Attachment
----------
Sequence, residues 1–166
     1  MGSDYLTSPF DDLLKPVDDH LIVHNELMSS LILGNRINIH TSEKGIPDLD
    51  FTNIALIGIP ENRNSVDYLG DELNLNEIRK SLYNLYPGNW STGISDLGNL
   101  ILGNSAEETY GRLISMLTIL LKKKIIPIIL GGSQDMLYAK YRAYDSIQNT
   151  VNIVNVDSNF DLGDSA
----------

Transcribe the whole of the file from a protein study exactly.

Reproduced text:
Sequence, residues 1–166
     1  MGSDYLTSPF DDLLKPVDDH LIVHNELMSS LILGNRINIH TSEKGIPDLD
    51  FTNIALIGIP ENRNSVDYLG DELNLNEIRK SLYNLYPGNW STGISDLGNL
   101  ILGNSAEETY GRLISMLTIL LKKKIIPIIL GGSQDMLYAK YRAYDSIQNT
   151  VNIVNVDSNF DLGDSA